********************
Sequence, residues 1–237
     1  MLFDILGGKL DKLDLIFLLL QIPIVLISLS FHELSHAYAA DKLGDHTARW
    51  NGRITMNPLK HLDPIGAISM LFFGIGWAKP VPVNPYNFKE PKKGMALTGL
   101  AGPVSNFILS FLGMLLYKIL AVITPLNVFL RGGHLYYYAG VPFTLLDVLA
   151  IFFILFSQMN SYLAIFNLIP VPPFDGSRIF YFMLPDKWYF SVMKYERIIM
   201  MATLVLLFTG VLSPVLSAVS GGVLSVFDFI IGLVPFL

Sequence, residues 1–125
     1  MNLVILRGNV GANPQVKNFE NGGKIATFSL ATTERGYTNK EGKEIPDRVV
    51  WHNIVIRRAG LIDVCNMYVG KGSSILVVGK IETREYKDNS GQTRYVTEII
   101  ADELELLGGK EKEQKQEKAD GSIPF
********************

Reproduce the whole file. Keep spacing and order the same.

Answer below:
Sequence, residues 1–237
     1  MLFDILGGKL DKLDLIFLLL QIPIVLISLS FHELSHAYAA DKLGDHTARW
    51  NGRITMNPLK HLDPIGAISM LFFGIGWAKP VPVNPYNFKE PKKGMALTGL
   101  AGPVSNFILS FLGMLLYKIL AVITPLNVFL RGGHLYYYAG VPFTLLDVLA
   151  IFFILFSQMN SYLAIFNLIP VPPFDGSRIF YFMLPDKWYF SVMKYERIIM
   201  MATLVLLFTG VLSPVLSAVS GGVLSVFDFI IGLVPFL

Sequence, residues 1–125
     1  MNLVILRGNV GANPQVKNFE NGGKIATFSL ATTERGYTNK EGKEIPDRVV
    51  WHNIVIRRAG LIDVCNMYVG KGSSILVVGK IETREYKDNS GQTRYVTEII
   101  ADELELLGGK EKEQKQEKAD GSIPF